Leadership. These changes in direction would not have been possible without leaders within and outside Metro taking actions that prioritize better bus service. An example is a directive from Metro’s Board and the City of Los Angeles’s Council to assemble a Bus Speed Engineering Technical Working Group consisting of Metro Service Planning and LADOT’s equivalent technical team tasked with developing a list of priority bus-supportive infrastructure projects. This group institutionalized and codified a regular working relationship across multiple agency teams necessary for making bus lanes in Los Angeles possible. Additionally, advocates’ leadership and dedication of resources calling for improved bus services, such as the Better Buses for Los Angeles Working Group, drew attention to the need for improved bus service.
Pilots and Research. Bus lanes were also bolstered by evidence from pilots and case studies documenting the benefits of bus lanes and new technologies to ensure compliance in the bus lane. The Flower Street bus only lane pilot was evaluated to determine its effect on speed and reliability. An unsolicited proposal for on-vehicle camera enforcement technology spurred a 2019 case study documenting the frequency of bus lane violations on Wilshire Boulevard. After analyzing various bus lane enforcement methodologies, Metro made the decision to seek legal authority for automated bus lane enforcement. AB917, which would allow any California public transit operator to enforce parking violations in bus only lanes through video imaging, has passed the California Assembly Transportation and Privacy Committees, and an assembly vote is expected soon.
Despite momentum for bus lanes in Los Angeles, there are still numerous challenges to achieving the vision laid out in Vision 2028. LA Metro’s service area extends far beyond downtown Los Angeles, and bus lanes require supportive local leadership. Three current projects to expand Bus Rapid Transit in Los Angeles County have not yet broken ground in part because concerns over traffic impacts for single-occupancy vehicles. Yet, people of color and low-income communities are already bearing the brunt of the status quo by relying on buses that are becoming more unreliable due to congestion. While a new Federal Administration and a California budget surplus promise to boost transit dollars, there is still a lingering preference for funding large capital projects over bus service improvement, bus lanes, and dignified bus stops.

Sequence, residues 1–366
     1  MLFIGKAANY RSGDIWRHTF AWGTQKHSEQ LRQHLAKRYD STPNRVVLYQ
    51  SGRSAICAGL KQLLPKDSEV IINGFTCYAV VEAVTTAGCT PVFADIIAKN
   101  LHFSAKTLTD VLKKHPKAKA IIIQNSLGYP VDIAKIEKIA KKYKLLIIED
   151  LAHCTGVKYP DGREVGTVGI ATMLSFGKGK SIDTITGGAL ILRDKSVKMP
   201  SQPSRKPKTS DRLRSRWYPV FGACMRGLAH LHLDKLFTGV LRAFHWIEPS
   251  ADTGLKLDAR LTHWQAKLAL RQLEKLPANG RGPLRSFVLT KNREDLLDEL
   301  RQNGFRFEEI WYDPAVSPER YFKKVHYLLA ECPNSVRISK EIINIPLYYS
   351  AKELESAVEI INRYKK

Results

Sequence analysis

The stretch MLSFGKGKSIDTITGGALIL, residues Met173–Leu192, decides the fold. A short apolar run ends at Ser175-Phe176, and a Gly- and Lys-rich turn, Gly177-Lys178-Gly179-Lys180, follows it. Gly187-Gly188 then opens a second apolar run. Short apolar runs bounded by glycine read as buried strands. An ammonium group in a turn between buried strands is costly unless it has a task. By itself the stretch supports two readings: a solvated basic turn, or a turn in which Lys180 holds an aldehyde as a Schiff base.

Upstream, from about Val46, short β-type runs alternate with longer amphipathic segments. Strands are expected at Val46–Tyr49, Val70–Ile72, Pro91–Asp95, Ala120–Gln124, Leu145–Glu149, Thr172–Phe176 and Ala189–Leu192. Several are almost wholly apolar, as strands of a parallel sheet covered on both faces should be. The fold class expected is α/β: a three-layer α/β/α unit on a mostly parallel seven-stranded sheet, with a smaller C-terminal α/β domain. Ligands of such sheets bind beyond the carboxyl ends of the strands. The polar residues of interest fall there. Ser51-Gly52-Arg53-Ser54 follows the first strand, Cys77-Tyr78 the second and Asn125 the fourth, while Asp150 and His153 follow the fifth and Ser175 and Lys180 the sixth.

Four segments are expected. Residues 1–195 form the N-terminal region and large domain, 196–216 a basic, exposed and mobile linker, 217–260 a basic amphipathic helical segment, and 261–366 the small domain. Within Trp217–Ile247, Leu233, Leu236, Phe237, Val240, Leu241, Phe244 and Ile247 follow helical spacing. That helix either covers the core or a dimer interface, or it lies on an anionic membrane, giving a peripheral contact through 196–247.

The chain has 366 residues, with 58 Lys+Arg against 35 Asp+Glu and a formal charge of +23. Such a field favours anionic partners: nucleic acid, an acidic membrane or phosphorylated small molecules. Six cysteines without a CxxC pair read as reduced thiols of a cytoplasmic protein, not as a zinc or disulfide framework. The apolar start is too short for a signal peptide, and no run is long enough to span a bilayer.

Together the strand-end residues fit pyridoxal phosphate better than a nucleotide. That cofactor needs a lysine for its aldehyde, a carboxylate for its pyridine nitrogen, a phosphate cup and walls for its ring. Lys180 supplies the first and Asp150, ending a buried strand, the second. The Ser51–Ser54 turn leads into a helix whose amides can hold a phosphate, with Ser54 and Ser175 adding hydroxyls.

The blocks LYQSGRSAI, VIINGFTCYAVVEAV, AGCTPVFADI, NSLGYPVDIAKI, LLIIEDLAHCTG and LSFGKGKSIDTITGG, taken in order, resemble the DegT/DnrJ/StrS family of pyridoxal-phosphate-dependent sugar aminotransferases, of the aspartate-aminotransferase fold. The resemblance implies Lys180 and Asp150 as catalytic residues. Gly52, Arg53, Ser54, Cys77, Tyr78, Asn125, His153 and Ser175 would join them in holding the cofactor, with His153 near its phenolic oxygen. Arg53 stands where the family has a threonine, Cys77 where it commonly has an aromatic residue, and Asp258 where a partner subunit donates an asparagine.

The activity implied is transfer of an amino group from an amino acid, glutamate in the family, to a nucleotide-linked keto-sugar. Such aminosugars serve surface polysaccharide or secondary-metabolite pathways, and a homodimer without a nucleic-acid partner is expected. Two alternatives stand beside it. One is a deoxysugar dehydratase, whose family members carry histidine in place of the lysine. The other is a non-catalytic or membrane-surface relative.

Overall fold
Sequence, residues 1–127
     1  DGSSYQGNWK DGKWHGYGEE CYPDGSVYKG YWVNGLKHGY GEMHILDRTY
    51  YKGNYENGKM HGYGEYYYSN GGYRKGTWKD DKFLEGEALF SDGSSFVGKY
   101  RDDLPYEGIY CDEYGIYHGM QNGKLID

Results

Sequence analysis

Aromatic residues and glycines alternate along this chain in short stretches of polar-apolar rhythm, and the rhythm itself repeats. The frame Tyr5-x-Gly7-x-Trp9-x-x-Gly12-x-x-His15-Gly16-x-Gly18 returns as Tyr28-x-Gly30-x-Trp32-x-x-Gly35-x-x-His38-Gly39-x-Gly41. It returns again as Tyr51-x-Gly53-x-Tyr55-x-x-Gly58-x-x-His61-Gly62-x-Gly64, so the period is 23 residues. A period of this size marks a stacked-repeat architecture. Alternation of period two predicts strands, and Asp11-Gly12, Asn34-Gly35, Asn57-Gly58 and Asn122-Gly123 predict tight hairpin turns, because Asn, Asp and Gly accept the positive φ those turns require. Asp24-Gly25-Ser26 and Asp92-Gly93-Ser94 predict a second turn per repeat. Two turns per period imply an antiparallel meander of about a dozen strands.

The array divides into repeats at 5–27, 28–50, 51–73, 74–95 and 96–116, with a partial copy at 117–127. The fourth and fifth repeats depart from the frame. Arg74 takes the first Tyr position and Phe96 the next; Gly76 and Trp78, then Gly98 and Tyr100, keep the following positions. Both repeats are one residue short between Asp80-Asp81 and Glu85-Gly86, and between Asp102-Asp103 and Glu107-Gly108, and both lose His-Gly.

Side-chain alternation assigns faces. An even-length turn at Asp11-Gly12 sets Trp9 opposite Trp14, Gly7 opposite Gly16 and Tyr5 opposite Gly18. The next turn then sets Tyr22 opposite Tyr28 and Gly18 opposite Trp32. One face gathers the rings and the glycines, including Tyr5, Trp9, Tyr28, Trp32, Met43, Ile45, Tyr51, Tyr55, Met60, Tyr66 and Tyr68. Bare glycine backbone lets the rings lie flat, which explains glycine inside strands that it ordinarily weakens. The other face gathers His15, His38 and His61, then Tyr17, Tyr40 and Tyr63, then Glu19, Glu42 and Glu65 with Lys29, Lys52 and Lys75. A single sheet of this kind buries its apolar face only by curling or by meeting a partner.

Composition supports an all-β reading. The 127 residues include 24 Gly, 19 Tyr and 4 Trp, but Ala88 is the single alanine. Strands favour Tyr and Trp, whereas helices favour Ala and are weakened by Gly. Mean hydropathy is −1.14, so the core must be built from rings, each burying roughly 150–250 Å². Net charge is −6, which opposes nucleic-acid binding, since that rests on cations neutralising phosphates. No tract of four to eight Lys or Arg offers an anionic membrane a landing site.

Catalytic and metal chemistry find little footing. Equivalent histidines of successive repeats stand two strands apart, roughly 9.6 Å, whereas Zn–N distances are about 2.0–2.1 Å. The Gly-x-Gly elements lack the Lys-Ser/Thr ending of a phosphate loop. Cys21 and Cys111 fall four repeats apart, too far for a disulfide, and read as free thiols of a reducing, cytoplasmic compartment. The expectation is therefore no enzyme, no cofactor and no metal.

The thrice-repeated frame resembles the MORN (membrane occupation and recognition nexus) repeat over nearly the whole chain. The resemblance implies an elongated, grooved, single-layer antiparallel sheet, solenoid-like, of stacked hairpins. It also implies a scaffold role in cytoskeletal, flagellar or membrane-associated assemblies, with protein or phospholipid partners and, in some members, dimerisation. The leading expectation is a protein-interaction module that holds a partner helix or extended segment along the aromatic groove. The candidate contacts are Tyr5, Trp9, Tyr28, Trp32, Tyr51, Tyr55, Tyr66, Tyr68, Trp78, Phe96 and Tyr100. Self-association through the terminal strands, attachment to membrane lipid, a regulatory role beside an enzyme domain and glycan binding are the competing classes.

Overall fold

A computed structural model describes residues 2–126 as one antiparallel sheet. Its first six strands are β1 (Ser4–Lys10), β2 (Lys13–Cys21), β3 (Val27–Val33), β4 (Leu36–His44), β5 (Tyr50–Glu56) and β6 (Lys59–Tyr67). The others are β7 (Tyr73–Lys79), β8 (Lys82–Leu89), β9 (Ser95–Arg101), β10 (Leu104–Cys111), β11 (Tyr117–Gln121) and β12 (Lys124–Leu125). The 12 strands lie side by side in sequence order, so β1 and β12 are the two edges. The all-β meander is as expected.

Bus riders make up more than 70% of Metro’s ridership, and they are disproportionately from Equity Focus Communities. More bus lanes, signal priority, bulb-outs, and other transit supportive infrastructure can help make the case for a broader roll-out of these types of speed and reliability improvements. Metro can elevate riders’ voices through regular customer surveys, as well as innovative and improved public outreach. LA Metro can take advantage of policies like SB288 that accelerate transit planning. Metro can better align budget with mission to fund bus improvements and help build a countywide consensus for better buses and a network of bus lanes.
Improving the speed and reliability of LA County’s bus network will reduce transit travel times, as well as improve competitiveness with other transportation options. An expansive network of bus lanes would go a long way to maximizing the potential of buses in Los Angeles.
The views expressed above are those of the authors and do not necessarily reflect the views of the Eno Center for Transportation.